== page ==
According to the MGI SaaS valuation model, SAP (NYSE:SAP) did not overpay for its acquisition of SuccessFactors.
There are so many comments about SAP overpaying for SuccessFactors (NYSE:SFSF) that SAP has started spreading its own rumours about how they had to pay more in order to thwart a competing bid for SFSF. We remain skeptical of the fact of any competing bid. SFSF was never high on our stock list and on numerous occasions we had over the past couple of years pointed out the discrepancies between SFSF valuation and operating parameters. The company was at the top of its peer group in terms of a valuation multiple and near the bottom of the scale in terms of operating efficiency measured by MGI Index. Then, to top it off, the company updated/restated its reported SEC numbers frequently, something that was overlooked by most analysts. All that, combined with a high level of hype surrounding the company, made us uncomfortable with the stock. Yet, with all this baggage, we would be the first ones to point out that at the end of the day SAP did not overpay for SFSF.
Several MGI research reports point out the relationship that exists between growth rate and valuation of SaaS companies. When Oracle (NYSE:ORCL) acquired RightNow (NASDAQ:RNOW), the valuation came in within 5% of that predicted by our SaaS valuation model. A similar chain of events seems to take place now. SAP's take out valuation of SFSF is within 5% of what was predicted by our model (See MGI Research Note "SaaS Valuation: What Price is Right?" published in March of 2011). Over the last four quarters SFSF revenue growth rate vs. the same quarter in the prior year (PYQ) averages to about 55%. Using our valuation model that translates into a revenue multiple of 11.38. SFSF trailing twelve month revenue adds up to about $292 Million. Putting that together, that translates into an theoretical Enterprise Value (EV) of $3.322 Billion. SAP is paying $3.4 Billion for SFSF. The company has about $250 Million in cash and no debt, thus translating into acquisition EV of $3.15 Billion. The theoretical EV exceeds the actual acquisition EV by $172Mil or by about 5% of the actual purchase price paid by SAP.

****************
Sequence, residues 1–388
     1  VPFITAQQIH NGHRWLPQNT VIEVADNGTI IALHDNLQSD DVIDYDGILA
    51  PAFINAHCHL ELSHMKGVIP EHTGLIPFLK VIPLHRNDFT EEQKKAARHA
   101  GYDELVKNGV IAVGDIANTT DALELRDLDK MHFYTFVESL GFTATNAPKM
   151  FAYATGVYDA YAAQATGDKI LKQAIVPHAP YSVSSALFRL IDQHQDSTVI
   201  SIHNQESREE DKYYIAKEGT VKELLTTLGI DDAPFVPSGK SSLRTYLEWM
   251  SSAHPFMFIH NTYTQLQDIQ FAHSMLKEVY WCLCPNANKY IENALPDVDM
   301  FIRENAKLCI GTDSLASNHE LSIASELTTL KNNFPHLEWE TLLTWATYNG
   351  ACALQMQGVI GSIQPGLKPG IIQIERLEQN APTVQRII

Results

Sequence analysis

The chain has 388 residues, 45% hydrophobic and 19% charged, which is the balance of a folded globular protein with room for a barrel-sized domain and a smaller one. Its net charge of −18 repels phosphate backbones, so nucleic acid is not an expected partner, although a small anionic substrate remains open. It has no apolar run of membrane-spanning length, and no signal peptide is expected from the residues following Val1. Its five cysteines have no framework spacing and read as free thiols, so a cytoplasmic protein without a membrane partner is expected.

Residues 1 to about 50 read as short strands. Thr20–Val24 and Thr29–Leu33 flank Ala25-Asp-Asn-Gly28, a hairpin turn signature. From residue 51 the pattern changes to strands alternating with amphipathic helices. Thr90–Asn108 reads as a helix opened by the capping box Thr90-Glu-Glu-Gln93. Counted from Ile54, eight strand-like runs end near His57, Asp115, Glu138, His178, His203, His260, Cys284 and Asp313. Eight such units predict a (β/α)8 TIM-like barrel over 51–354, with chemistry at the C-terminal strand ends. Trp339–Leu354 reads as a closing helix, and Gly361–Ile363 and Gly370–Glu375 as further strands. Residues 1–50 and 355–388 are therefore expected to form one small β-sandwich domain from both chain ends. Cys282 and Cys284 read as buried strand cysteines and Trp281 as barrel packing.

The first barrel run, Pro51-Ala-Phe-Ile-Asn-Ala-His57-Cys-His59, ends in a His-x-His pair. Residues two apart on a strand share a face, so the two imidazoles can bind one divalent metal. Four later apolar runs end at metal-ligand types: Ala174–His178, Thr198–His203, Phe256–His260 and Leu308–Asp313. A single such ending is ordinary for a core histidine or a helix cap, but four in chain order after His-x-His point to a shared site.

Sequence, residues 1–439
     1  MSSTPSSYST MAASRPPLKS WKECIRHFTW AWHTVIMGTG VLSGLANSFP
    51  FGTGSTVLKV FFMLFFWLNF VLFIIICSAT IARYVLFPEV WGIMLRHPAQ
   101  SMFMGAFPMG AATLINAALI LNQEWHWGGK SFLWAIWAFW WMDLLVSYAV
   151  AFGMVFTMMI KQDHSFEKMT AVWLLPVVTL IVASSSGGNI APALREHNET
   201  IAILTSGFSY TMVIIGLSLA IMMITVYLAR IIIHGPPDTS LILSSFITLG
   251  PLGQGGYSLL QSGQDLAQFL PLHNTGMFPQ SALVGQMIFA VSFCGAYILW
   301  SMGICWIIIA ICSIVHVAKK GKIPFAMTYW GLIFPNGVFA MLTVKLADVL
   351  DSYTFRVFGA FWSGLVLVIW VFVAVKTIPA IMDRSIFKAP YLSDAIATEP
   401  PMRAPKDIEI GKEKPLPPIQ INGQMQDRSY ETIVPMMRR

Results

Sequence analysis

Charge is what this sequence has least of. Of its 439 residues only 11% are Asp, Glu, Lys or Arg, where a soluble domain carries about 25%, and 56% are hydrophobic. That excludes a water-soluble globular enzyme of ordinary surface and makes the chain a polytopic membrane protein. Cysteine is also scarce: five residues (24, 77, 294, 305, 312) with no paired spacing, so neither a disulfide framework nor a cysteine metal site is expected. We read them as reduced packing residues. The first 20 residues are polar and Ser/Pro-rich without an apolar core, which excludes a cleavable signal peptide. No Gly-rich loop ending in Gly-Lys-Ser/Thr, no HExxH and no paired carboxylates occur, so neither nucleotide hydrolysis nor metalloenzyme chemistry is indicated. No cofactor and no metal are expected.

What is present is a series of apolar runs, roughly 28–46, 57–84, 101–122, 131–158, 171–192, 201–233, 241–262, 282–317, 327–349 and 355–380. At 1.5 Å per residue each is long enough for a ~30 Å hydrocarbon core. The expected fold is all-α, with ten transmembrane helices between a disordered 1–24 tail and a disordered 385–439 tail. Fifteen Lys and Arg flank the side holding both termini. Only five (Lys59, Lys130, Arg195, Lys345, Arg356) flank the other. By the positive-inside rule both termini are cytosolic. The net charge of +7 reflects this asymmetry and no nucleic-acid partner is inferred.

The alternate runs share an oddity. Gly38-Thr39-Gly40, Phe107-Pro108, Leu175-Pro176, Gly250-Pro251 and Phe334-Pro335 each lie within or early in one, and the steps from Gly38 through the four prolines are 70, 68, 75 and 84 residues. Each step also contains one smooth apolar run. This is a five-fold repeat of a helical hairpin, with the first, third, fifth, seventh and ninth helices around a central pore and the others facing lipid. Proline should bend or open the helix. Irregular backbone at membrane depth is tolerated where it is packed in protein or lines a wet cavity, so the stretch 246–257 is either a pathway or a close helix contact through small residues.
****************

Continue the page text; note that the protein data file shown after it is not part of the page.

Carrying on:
The ultimate issue for SAP investors and customers is not whether or not SAP is overpaying or underpaying for SFSF. The real issue is what are they going to do with this property and how can they make this deal matter to SAP shareholders. If the acquisition is a success, i.e. SAP grows its cloud presence and creates some clarity for its customers, partners and investors then no one will remember the price paid for this deal. If the deal splashes and then burns out like a roman candle, then SAP will have bigger issues to worry about than the price they paid.